Judge Greif deserves reelection
I write in support of the reelection of Judge Lisa Greif to the Circuit Court for Jackson County. I have known Lisa for 21 years, as a colleague at the public defender’s office and on the bench. I have always been impressed by her quick mind, initiative and work ethic.
I strongly disagree with those who think Judge Greif should be removed from the bench for some private texts she wrote to a plaintiff who was suing On Track and its director, Rita Sullivan.
Her opponents argue that her actions and texts were clearly inappropriate in a case before the court that she sits on. While technically true it was a Jackson County Circuit Court case, every judge from Jackson County had recused themselves from handling the case.
What is important to remember is that her texts were private and obviously, at least in part, in jest.
What the voters need to understand is that Judge Greif was trying to maintain the integrity and efficacy of our treatment courts. For many years before the texts, there were major concerns in the court, treatment provider community, and social services community about a conflict of interest between Judge Pat Crain and Rita Sullivan.
It was clear to me as presiding judge between 2012 and 2015 that this conflict of interest was undermining everything that treatment courts are about. When I brought reports about the problems at OnTrack to Judge Crain, she would always dismiss them. “Every treatment program has those problems.” It was clear to me and almost everyone involved in the treatment courts that Crain and Sullivan were trying to take them over, to run them as they wished, with no accountability.
I called an in-person meeting to try to address this conflict with Crain and Sullivan. Crain just sat there while Sullivan ripped into Judge Greif for having friends. Not for any conflict of interest, but for having friends in the treatment community and other social services.
Both Crain and Sullivan tried to deny there were any issues with OnTrack or OnTrack housing. When bedbugs were infesting OnTrack housing, they denied there were bedbugs until an entomologist confirmed it was true. Then Crain and Sullivan united in their position that it was the tenants’ fault.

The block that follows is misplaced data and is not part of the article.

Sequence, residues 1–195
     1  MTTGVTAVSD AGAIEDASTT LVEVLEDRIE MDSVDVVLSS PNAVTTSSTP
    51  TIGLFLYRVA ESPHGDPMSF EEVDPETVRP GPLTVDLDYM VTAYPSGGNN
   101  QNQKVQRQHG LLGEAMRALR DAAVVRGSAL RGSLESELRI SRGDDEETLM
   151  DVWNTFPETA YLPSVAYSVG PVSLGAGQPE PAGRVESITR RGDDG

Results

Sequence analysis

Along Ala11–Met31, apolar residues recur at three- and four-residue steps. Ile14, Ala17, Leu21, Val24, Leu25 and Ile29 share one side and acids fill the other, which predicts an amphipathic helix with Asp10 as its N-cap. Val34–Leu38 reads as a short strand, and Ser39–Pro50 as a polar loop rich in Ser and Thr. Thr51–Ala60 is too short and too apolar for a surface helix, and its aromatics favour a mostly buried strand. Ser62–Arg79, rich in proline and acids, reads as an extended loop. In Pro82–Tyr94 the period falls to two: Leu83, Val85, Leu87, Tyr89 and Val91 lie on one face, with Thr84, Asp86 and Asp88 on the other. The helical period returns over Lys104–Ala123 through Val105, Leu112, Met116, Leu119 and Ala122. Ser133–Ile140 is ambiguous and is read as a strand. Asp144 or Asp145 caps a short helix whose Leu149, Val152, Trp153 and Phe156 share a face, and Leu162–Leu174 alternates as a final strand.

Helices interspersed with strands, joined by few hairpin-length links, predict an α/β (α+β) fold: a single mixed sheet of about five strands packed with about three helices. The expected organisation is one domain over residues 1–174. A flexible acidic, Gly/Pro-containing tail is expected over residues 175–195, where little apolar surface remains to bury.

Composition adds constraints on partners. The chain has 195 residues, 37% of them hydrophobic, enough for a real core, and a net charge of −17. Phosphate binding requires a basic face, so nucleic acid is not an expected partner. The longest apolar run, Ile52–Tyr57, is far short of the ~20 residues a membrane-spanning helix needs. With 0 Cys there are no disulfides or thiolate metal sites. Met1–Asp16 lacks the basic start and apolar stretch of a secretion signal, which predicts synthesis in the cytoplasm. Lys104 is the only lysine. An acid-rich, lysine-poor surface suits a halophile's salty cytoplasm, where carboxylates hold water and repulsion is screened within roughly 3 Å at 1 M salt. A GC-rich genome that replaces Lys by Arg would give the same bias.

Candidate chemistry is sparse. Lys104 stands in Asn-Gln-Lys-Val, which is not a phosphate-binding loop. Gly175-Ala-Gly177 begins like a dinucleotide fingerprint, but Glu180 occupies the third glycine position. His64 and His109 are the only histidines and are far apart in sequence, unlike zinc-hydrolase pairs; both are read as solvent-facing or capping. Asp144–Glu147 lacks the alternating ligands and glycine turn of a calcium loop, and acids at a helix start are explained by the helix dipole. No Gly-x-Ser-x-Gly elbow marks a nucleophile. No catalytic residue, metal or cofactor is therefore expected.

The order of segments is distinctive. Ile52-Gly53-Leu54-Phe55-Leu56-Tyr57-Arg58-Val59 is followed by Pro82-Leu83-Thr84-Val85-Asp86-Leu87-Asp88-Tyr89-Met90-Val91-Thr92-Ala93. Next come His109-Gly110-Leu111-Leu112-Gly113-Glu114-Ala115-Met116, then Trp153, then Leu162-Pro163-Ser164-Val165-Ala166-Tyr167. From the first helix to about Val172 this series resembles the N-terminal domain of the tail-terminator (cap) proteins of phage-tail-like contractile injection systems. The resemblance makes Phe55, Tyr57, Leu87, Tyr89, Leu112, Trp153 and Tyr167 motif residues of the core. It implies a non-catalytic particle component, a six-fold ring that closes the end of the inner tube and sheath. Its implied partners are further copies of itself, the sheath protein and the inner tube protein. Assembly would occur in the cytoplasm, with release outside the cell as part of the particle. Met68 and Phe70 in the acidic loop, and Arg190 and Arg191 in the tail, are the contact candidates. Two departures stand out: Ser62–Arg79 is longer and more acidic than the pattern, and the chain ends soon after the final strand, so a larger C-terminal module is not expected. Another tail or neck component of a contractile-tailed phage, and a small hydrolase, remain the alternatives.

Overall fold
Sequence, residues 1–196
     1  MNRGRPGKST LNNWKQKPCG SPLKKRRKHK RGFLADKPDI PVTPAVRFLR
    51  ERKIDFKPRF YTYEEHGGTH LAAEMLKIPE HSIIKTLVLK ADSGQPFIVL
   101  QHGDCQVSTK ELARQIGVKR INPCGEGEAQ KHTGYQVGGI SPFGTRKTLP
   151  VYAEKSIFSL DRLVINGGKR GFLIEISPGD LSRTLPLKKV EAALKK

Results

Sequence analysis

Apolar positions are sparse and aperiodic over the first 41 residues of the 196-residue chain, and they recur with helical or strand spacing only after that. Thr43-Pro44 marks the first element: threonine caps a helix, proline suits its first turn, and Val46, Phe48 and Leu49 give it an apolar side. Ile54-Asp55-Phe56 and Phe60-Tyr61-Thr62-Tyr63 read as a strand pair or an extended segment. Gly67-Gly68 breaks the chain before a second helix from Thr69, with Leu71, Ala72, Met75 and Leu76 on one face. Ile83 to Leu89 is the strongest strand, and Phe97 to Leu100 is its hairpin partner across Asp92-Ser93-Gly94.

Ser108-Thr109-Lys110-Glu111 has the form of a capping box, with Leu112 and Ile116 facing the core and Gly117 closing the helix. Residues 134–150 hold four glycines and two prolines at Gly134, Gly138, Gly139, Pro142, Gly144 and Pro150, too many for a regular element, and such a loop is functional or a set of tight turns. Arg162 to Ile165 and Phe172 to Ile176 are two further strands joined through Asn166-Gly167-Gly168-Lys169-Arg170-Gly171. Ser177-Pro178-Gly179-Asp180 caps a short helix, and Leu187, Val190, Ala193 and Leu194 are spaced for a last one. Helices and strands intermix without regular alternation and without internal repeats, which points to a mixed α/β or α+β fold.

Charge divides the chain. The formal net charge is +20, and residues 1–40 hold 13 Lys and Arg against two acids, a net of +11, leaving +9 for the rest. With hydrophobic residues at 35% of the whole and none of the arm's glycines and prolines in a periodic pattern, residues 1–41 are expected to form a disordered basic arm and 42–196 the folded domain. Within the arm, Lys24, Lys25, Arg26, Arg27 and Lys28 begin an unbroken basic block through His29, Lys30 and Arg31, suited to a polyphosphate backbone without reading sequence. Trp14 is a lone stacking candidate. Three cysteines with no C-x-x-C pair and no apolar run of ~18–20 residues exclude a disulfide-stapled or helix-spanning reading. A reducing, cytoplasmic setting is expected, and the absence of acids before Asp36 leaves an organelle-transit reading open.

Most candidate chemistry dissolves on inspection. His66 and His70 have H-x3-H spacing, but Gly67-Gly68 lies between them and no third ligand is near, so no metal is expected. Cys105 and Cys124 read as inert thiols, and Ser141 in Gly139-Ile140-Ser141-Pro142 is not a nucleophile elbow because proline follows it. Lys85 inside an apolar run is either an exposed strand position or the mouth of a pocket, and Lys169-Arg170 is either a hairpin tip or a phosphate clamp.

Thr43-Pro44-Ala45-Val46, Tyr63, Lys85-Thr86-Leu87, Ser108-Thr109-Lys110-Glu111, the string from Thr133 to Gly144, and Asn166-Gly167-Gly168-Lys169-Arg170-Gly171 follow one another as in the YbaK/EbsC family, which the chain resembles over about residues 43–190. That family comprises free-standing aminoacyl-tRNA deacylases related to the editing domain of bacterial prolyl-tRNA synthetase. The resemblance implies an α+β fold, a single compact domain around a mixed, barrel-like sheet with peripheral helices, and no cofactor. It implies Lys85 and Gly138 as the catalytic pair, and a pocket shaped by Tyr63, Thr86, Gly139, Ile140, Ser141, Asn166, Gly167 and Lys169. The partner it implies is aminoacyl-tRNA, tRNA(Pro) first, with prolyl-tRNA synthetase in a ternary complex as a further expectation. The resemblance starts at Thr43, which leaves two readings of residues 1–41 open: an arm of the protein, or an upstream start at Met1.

Because of its many problems over the years, OnTrack imploded. The last straw being that they were not keeping anything close to adequate counseling records, as required by the Oregon Administrative Rules.
Crain and Sullivan blame Judge Greif for that implosion, rather than admit that the issues at OnTrack were longstanding and internal.
They shopped the texts around trying to find someone to file a complaint against Judge Greif. Then they asked numerous attorneys to run against Judge Greif.
Judge Greif should be the presiding judge in Jackson County. The judges of our court voted her so twice. She withdrew from this position because of the actions of Crain and Sullivan.
Judge Greif has productive connections, with most, if not all, of the court’s community partners. This includes the defense and prosecution bar, treatment providers, those in social services and law enforcement.
She is working diligently with many judges from throughout the state to meet the challenges facing the judicial department during the ongoing COVID-19 pandemic. Judge Greif has been part of a work group that has helped develop proposed emergency legislation, has assisted in the drafting of language in the Chief Justice’s orders, and has been working on best practices and guidance for the judicial department during these unprecedented times. She is Jackson County’s designated quarantine and isolation judge and has been at the forefront of our court’s efforts to maintain public health while continuing essential court proceedings and operations.
She is tireless in her efforts to improve the criminal justice system and our treatment courts. She is especially passionate about our mental health court, which she created from scratch.
I ask the voters of Jackson County to recognize a valuable public servant and reelect Judge Lisa Greif.
Lorenzo Mejia is a Jackson County Circuit Court judge. He is speaking for himself, not the court.